Photo courtesy A to Z Home's Cool
Homeschooling, for legal reasons, is defined a bit differently state by state. For example, chapter 115C of the North Carolina General Statutes defines homeschooling this way:
- "Home school" means a nonpublic school in which one or more children of not more than two families or households receive academic instruction from parents or legal guardians, or a member of either household.
In as much as the definition changes from state to sate, so do the legal requirements for establishing a home school (we'll talk more about this later). These laws usually kick in when your child is somewhere around the age of seven or eight. Before then, the schooling you provide within your home is of no real legal concern to the government. If you're wondering what type of "homeschooling" occurs at such a young age, here's a short list of some of the things a child learns before officially starting school:
It is, in fact, nothing short of a miracle that the modern methods of instruction have not entirely strangled the holy curiosity of inquiry.
- Albert Einstein
- How to talk
- How to walk
- How to run
- How to play games
- How to sing
- How to get dressed
- How to tie shoe laces
- How to count to 10, 20 or more
- How to recite the alphabet
- How to recognize the letters of the alphabet
- How to spell his name
Homeschooling in North Carolina
North Carolina requires homeschooling parents to submit a "notice of intent" to the North Carolina Division of Non-Public Education.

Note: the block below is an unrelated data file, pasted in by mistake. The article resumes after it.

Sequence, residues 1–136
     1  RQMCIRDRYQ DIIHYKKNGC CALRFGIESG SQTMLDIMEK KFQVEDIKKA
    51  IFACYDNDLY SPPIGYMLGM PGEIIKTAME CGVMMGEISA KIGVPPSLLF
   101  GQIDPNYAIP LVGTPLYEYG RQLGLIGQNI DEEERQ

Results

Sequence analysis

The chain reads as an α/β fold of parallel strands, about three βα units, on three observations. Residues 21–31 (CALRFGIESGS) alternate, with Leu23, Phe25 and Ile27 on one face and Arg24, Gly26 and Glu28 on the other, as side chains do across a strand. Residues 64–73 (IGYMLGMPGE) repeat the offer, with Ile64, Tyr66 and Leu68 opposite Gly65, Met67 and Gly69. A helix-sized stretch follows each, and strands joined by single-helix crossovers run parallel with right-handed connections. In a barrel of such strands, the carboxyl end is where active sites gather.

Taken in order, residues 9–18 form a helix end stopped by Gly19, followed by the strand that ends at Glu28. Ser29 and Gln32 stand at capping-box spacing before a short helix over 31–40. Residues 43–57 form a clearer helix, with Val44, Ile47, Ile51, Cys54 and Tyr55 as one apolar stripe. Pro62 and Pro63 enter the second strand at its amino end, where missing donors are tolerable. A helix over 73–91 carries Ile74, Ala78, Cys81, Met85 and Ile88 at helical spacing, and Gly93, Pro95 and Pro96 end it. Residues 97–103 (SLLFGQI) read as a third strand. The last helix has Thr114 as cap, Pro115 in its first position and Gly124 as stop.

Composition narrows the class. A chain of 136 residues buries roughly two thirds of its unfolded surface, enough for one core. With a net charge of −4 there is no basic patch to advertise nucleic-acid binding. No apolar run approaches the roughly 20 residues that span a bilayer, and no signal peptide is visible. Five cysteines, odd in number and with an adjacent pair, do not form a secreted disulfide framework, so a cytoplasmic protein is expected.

These are just the basics. There are many children who know how to read, do simple math, play a musical instrument, swim, dance and more, all before they're old enough to attend kindergarten. Usually, it's someone within the home -- a parent, grandparent, older sibling or guardian -- who helps the child learn to do these things. Every nature walk, pointing out various plants, insects and animals, is a learning experience. Every trip to the zoo is a learning experience. Even daily activities like grocery shopping and cooking are all learning experiences.
So, if a child's education is already off to such a great start at home, why rock the learning boat? The answer is simple: Homeschooling isn't for everyone. But it is definitely a good fit for some.
There are dozens and dozens of books and Web sites attesting to what a positive experience homeschooling can be for the entire family. Still, homeschooling requires a huge commitment, on the part of both the parents or guardians and the children themselves. It's certainly not a decision to be made lightly.
Let's take a look at some of the things you should consider if you're thinking about homeschooling.